The Forbidden City

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At the beginning of the fifteenth century, the third Ming Emperor, Yung-lo created one of the most stunning architectural monuments in the world: Forbidden City. Its construction started in 1406, and was finished in 1420. It served the emperors of China from 1421 to 1911. The Forbidden City presents an unusually harmonic balance between buildings and open space within a symmetrical layout. It includes immense courtyards, terraces and stairways, and buildings decorated with golden roofs, vermilion, vivid red pigment of durable quality. It not conveys a strong image of wealth and earthly power, but also surpasses Versailles in its majesty without abandoning a sense of human scale. According to China Highlights, it is recognized as one of the…show more content…
At each corner of the Forbidden City also stands a magnificent watchtower, which was heavily guarded in the past. Around the city, there is a moat as the first line of defense. The Forbidden City covers an area of about 72 hectares with a total floor space of approximately 150,000 square meters. It contains of 90 palaces and courtyards, 980 buildings and 8,704…show more content…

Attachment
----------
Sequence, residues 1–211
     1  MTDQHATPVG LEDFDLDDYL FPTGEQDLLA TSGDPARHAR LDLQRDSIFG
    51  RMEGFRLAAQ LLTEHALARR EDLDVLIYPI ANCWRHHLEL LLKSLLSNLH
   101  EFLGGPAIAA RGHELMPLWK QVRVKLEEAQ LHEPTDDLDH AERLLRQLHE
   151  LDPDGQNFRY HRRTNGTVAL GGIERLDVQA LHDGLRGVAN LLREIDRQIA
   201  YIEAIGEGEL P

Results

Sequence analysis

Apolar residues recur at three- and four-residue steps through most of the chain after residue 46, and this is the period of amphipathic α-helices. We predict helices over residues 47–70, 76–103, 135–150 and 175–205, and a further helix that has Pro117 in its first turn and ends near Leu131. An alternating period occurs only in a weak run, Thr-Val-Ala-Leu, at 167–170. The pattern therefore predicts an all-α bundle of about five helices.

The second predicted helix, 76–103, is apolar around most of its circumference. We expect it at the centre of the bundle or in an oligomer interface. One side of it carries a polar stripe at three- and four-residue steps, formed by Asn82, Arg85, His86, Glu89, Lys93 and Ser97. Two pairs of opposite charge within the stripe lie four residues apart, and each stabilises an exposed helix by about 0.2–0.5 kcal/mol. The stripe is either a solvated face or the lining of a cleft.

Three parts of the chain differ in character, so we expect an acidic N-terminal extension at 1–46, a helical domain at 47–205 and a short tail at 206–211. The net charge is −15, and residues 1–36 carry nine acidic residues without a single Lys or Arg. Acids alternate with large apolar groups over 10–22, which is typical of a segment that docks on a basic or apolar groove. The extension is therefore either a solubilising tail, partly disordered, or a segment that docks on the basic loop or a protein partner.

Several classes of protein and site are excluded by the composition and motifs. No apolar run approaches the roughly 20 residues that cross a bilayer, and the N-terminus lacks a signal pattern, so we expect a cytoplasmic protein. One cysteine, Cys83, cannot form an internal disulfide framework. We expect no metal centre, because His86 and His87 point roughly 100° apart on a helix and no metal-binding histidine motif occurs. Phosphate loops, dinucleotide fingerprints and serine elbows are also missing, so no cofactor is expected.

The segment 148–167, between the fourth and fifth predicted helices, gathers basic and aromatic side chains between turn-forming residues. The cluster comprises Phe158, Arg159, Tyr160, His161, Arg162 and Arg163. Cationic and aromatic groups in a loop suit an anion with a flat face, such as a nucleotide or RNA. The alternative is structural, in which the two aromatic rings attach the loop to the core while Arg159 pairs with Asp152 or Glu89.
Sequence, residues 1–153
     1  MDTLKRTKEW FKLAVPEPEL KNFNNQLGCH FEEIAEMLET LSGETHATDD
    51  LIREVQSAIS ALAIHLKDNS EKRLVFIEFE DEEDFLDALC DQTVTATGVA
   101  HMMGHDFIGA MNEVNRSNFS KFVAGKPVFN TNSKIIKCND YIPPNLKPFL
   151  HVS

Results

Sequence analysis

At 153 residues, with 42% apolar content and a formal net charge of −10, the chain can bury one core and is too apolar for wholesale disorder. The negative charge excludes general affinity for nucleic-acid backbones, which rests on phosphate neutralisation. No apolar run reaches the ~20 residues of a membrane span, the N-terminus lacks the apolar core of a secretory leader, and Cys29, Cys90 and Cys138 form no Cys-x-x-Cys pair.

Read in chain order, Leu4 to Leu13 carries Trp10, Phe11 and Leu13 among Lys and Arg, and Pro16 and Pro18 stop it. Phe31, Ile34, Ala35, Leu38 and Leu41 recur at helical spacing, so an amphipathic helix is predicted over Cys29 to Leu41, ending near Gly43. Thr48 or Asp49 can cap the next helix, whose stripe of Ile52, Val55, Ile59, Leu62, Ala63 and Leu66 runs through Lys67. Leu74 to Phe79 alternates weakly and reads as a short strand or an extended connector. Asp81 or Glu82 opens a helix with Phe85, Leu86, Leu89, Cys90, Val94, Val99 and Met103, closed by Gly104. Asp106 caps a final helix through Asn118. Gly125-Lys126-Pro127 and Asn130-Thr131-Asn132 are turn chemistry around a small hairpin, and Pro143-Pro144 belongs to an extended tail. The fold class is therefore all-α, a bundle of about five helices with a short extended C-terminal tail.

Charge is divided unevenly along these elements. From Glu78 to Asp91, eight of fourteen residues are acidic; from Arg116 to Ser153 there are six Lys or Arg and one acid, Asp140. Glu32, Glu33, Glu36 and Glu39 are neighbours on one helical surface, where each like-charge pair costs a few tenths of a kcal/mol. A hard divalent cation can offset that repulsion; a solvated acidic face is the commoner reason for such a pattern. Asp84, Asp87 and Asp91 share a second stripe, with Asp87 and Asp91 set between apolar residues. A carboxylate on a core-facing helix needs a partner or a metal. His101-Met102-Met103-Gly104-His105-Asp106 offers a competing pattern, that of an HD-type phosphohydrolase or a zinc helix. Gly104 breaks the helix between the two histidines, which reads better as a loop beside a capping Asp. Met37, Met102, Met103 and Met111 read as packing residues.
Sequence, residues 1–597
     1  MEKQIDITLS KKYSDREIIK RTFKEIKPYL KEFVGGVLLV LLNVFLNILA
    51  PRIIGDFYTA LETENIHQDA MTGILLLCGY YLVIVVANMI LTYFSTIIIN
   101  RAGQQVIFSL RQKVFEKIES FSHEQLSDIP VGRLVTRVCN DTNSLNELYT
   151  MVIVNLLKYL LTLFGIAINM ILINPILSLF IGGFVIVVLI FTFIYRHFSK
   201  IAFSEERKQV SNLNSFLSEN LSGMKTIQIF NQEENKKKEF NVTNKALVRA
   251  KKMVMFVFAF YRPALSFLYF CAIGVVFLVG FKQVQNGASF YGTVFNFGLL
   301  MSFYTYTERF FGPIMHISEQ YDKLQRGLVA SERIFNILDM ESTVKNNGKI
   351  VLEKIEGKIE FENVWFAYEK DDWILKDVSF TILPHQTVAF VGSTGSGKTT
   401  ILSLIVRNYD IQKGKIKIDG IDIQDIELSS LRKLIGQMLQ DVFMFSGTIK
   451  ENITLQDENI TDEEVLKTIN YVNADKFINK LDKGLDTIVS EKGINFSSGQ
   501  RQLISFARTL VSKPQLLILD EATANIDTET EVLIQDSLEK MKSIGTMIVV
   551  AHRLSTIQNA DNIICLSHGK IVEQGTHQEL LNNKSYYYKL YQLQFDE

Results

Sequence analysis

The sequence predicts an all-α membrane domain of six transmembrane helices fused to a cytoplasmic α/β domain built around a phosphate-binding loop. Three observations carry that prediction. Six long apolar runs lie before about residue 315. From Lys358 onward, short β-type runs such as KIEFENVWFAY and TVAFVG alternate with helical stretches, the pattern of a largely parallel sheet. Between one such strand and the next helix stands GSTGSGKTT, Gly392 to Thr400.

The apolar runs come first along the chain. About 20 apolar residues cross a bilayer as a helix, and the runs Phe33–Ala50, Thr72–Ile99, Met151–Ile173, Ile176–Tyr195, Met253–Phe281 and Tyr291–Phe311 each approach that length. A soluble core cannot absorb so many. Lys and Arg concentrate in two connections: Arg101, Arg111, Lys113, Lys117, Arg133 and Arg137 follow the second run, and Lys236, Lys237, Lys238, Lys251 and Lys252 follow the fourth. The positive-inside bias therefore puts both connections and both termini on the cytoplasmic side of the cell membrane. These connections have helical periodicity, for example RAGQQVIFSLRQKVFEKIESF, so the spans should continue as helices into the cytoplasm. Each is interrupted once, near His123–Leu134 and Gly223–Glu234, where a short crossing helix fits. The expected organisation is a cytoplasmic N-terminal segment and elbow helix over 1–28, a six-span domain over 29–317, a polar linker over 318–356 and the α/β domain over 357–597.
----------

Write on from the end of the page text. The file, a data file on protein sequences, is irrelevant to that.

“The union of human being and the nature” is the main idea in the Book of Change. In the names of the Palace of Heavenly Purity and the Palace of Earthly Tranquility, union of the heaven and the earth can be reflected. The gates were constructed based on the Chinese Eight Diagrams in hope of the harmony with the nature. Ancient people high light on the balance and harmony. As a result, all the palaces are built along the central axis symmetrically. Emperors ordered workers to build the imperial city in the heart of the capital and their residence in the center of the imperial city, so as to show their highest status. Moreover, Chinese traditional culture favors that the left side means high-ranking and the right side means low-ranking. Thus, the Altar of Earth and Harvests is on the right, while the Imperial Ancestral Temple is on the left.

Rooftop of building is also one of the tangible cultural elements. All of the buildings were roofed with yellow tiles, in order to symbolize the dignity and solemnity of the emperor. It is because only the Imperial family was permitted to wear yellow clothes or use yellow tiles. Also, more than ten types of roofs exist in it and the three halls in the outer court have three different roofs respectively. For example, single-eave hip roof, hipped-gable roof and pyramidal-hipped roof. The level of the roof
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